Chemical Hearts Parent Guide
This is an unusual teen drama, moving beyond the genre's syrupy tropes and delving into the emotional heartaches of adolescence.
Parent Movie Review
Henry (Austin Abrams) has an unusual hobby. The seventeen year old school newspaper editor spends his spare time breaking ceramics and rejoining the pieces with gold, leaving visible seams in the finished product. Known as kintsugi, this Japanese art form is a metaphor for Henry’s life: he’s not afraid of broken things and he finds beauty in scars.
This comes in handy when Henry meets the new girl on the student newspaper. Grace (Lili Reinhart) is a writer who won’t write and will only edit other people’s work. She owns a car but refuses to drive. She limps and uses a cane but tries to run on the track. As she and Henry slowly fall in love with each other, her pain and scars simultaneously bond and weaken their relationship.
Chemical Hearts is an unusual teen romantic drama, moving beyond the genre’s clichéd, syrupy storylines. Henry and Grace feel like actual teenagers, struggling with the harsh realities of pain and grief. Grace, torn between her love for her dead boyfriend and her desire to move on with her life, is confused and broken. Henry, desperately in love with Grace, can’t heal her; only stand by and become collateral damage to her suffering. The script is wise enough to avoid magic bullets or quick emotional fixes and that’s what gives it authenticity. As Grace tells Henry, “Every author who writes about young people, they can’t avoid the truth that being young is so painful. It’s almost too much to feel.”
Unfortunately, this strong story comes with some fairly significant negative content. The film contains over 30 profanities, including 10 sexual expletives. There are also scenes of teens smoking marijuana and drinking beer as well as a scene where a main character drinks heavily to numb emotional pain. The biggest issue in the movie is sex, with Henry and Grace having sexual intercourse. There is no explicit nudity, but the activity is obvious. (On the plus side, the teens discuss and use contraception and consent is clear.) There is also a lesbian subplot in the movie, but there is no explicit activity beyond a scene of passionate kissing.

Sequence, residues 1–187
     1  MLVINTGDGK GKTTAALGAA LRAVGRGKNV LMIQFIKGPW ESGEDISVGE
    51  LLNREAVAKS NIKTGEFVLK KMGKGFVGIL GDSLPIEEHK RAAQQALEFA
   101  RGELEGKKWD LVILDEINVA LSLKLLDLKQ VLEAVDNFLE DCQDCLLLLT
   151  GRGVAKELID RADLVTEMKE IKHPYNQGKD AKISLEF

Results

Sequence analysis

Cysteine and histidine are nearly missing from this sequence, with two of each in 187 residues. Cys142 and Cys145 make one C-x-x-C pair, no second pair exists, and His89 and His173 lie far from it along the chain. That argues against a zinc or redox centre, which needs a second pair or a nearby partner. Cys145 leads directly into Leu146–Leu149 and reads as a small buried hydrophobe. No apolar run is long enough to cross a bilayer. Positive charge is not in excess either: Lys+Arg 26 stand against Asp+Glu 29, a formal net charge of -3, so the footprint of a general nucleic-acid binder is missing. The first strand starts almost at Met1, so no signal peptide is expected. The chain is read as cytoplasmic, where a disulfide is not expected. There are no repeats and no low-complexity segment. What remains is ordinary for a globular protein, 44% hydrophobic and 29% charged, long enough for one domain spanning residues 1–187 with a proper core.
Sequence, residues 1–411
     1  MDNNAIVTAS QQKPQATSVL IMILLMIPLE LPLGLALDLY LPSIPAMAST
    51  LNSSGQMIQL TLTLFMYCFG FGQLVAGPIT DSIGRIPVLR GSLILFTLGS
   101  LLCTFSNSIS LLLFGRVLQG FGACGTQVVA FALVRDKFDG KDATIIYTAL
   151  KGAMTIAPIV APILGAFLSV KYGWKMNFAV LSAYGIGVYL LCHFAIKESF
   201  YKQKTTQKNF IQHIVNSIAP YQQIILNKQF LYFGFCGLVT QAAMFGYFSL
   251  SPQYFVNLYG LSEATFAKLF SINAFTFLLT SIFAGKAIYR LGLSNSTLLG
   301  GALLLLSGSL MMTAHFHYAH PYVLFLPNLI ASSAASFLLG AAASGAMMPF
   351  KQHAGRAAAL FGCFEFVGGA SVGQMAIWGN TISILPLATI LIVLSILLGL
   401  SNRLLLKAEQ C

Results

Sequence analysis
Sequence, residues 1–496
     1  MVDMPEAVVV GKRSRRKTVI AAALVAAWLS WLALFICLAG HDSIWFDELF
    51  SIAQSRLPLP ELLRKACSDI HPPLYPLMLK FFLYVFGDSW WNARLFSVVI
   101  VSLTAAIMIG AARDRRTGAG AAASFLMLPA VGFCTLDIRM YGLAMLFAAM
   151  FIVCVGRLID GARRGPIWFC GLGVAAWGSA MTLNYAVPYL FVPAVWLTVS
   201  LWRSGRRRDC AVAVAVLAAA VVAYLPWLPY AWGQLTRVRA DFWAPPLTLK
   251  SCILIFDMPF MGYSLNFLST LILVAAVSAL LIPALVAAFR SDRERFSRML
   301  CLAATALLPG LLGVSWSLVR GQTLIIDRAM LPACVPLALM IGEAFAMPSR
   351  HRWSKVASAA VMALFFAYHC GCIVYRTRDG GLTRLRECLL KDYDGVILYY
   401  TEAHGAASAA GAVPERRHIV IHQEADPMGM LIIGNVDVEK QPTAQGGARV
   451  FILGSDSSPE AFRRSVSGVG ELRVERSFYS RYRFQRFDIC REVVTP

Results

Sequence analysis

Despite the negative content, Chemical Hearts offers abundant positive messages about loving and accepting people for who they are, scars and all. Remarkably, it shows a high functioning family with loving parents who set limits for their teen. It also provides hopeful examples of emotional resilience. As Henry’s sister tells him when he’s emotionally spent: “Love – it’s a chemical reaction that comes and goes. Here’s the good news; so is heartbreak.” The reminder that no feeling lasts forever is certainly a helpful takeaway for teens watching the movie and struggling with the chemistry that exerts such powerful influence on their developing brains.Directed by Richard Tanne. Starring Lili Reinhart, Austin Abrams, Sarah Jones. Running time: 93 minutes. Theatrical release August 21, 2020. Updated August 21, 2020
Watch the trailer for Chemical Hearts
Rating & Content Info
Why is Chemical Hearts rated R? Chemical Hearts is rated R by the MPAA for language, sexuality and teen drug use
Violence: Mention of a past car accident that led to a death and a serious injury. A character hits herself with a stick. Repeated mention of suicide.
Sexual Content: Brief mention of a pornographic magazine. A young man and woman kiss frequently. A girl says she looks “thotty” (slutty). A young woman mentions hooking up with “lots of girls”. Two young women kiss passionately. A young man and woman have sex: no graphic nudity or detail but obvious activity. A young woman strips down to her bra and panties.
Profanity: The movie contains over 30 profanities, including 10 sexual expletives, 11 scatological curses, two anatomical terms, and eight terms of deity. The soundtrack also features a song that includes a racial slur.
Alcohol / Drug Use: A main character smokes marijuana. Teenagers drink beer at a party. A character mentions an alcoholic parent who’s in bad shape. A teenager drinks heavily in a time of stress.
Page last updated August 21, 2020
Chemical Hearts Parents' Guide
Grace believes that we are just random collections of atoms who disperse into the universe after death. What are your beliefs about life and death? Where do those beliefs come from? Have you ever lost someone who matters to you? What helped you cope with your feelings? How can you help people who are grieving?
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